Private View

As the American comic, Steve Wright, says: ’There’s a thin line between fishing and standing by the side of a river doing nothing.’

As the American comic, Steve Wright, says: ’There’s a thin line

between fishing and standing by the side of a river doing nothing.’

Iceland, for example. No, not the main animated campaign which I like

very much, but a series of price ads extolling the virtues of buying one

and getting one free. Which has always struck me as a dubious offer

anyway - I throw enough stuff out of my fridge as it is. Some are about

the lengths people go to to get their hands on the deals - shimmying in

the aisles - some involve men dressed as penguins, some are just people

being odd.

You know the sort of thing, all very post-modern and ironic. For my

money, the whole thing’s a bit overcooked. Trying too hard to be mad and


I felt like I was watching someone acting out a Monty Python sketch in

the kitchen at a party.

Fiat Punto misses the mark for me too. This is the pair of commercials

where a man has one perspective on the car’s new features, a woman


Satellite navigation, for example. Him: ’Because finding your way out of

a garage is a bit of a challenge.’ Her: ’You can’t even find your way

round a woman’s body.’ I presume the media’s been bought so that you see

the spots one after the other. But still, I don’t like either of the

people and, as my old daddy used to say: ’Two wrongs don’t make a


The Terrence Higgins Trust is another commercial that seems more

concerned with the cleverness of its advertising conceit than it is with

communicating honestly with people. A man stares moodily at the camera:

’Homosexuality has always been an issue in my life.’ You’re meant to

think he’s gay, but the reason he ends up losing his job is because: ’I

hate faggots.’ The way it’s shot doesn’t help. Full of suspense and

security camera footage. And then you think of the gay-hater patiently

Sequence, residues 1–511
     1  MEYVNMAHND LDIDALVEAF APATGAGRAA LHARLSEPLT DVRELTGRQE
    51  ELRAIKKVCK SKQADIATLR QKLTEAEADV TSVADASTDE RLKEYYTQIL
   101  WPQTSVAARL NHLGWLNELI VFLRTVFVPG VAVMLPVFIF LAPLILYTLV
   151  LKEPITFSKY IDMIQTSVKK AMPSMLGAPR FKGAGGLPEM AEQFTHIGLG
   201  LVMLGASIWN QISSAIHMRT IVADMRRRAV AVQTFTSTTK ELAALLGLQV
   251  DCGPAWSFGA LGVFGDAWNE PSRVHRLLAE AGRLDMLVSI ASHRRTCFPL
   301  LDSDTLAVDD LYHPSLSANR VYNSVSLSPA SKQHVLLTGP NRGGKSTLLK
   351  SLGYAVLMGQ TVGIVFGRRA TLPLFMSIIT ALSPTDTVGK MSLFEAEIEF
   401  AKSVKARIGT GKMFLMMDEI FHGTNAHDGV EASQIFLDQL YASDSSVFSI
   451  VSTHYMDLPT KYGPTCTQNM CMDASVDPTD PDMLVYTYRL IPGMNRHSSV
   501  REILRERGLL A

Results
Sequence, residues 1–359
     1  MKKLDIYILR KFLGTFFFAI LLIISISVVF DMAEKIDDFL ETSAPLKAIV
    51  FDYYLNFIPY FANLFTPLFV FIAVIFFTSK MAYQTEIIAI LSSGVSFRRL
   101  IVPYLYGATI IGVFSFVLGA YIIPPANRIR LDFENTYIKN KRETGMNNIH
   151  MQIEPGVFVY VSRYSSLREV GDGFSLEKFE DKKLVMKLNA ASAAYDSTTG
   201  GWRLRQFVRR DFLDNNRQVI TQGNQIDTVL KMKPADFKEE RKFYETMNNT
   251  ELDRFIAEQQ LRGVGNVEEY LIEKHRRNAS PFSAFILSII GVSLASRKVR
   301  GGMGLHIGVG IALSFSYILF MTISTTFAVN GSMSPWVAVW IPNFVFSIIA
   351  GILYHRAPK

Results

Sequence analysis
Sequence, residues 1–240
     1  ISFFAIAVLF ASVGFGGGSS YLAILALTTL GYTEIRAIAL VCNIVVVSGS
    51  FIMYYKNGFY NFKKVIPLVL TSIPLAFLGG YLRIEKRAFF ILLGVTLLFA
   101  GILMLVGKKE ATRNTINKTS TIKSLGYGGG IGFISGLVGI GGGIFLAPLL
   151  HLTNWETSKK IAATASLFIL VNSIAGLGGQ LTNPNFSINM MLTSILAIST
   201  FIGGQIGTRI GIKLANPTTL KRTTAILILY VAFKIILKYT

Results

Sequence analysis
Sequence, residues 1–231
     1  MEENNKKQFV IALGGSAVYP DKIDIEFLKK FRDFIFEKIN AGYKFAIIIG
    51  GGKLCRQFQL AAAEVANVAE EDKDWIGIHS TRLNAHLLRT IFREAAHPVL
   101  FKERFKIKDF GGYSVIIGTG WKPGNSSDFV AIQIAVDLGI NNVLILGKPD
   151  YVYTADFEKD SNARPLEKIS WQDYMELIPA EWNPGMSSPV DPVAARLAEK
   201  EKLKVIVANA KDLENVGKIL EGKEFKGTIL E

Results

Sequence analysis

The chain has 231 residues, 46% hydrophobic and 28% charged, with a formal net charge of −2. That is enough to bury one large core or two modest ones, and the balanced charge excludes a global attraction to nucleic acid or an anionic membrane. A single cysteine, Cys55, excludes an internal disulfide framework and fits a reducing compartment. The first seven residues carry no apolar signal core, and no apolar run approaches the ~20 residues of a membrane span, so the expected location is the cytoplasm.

explaining his position as he tends his garden in the old Ministry of

Sound commercial. Now that really was powerful.

Just when you thought Griff Rhys Jones was overexposed, Vauxhall came up

with a neat idea. Disguise him. You can’t have missed this campaign on

the TV recently. He plays a kind of absent-minded professor, and it

covers lots of different models of cars, not to mention buying cars on

the internet and all sorts of other stuff. Inoffensive, maybe, but also

mildly confusing. Who is this man, and why is he trying to complicate


McDonald’s, I understand. It has a new range of Chinese meals, so it’s

done the commercial like a badly lip-synched kung fu movie. I like all

the filmic details - the demonic laugh, the foot wiggle, the moustache

flattening, but it ends up as just OK rather than great. Probably

because we’ve all seen this kind of parody before, and you feel like the

ad should try to say something more. So they have a new range of Chinese

meals. And ...?

John West is a bit of an ’And ...?’ too. Clever visual, half a logo, all

very neat and tidy, but what does it all mean?

That there are no additives? That it specialises in fish? That there are

no baked beans in there? And then I remember that line from the dim and

distant past: ’It’s the fish John West rejects that makes it the best.’

At least it stood for something.

So there you are. It’s a thin line. Sometimes you don’t realise which

side you are on until it’s too late.


Project: Chinese promotion

Client: John Hawkes, senior vice-president, chief marketing officer

Brief: n/s

Agency: Leo Burnett

Writer: Laurence Quinn

Art director: Mark Norcutt

Production company: Academy

Exposure: National TV


Project: Feel the Deal 2000

Client: Alan Shepherd, marketing director

Brief: Create excitement about Iceland’s year-round deals

Agency: HHCL & Partners

Project team: Jim Bolton, Chas Bayfield, Peter Muggleston, Gill Linton

Directors: Ronnie West, Jim Bolton, Chas Bayfield

Production company: RSA

Exposure: National TV


Project: John West Tuna

Client: Jeremy Coles, marketing manager

Brief: Make people aware that in a world of genetically modified food,

John West Tuna remains pure and free of articifial additives

Agency: Leo Burnett

Writer: Julie Adams

Art director: Richard Connor

Exposure: National press



Client: Andy Jones, marketing operations manager

Brief: Launch Vauxhall’s online car purchasing service and establish

consumer trust

Agency: Lowe Lintas Writer: Gordon Graham Art director: Neil Sullivan

Director: Kirk Jones

Production company: Tomboy Films

Exposure: National TV


Project: ’It’s prejudice that’s queer’

Client: Terrence Higgins Trust

Brief: Raise awareness of society’s homophobia

Agency: Bartle Bogle Hegarty

Writer: Richard Selbourne

Art director: Adrian Belsham

Director: David Anderson Production company: Experience

Exposure: National TV, cinema


Project: Fiat Punto

Client: Mike Biscoe,

product manager

Brief: Promote the new Punto with same spirito

Agency: D’Arcy

Writer: Mark Waldron

Art director: Dave Godfree

Director: Colin Gregg

Production company: Eclipse Productions

Exposure: National TV

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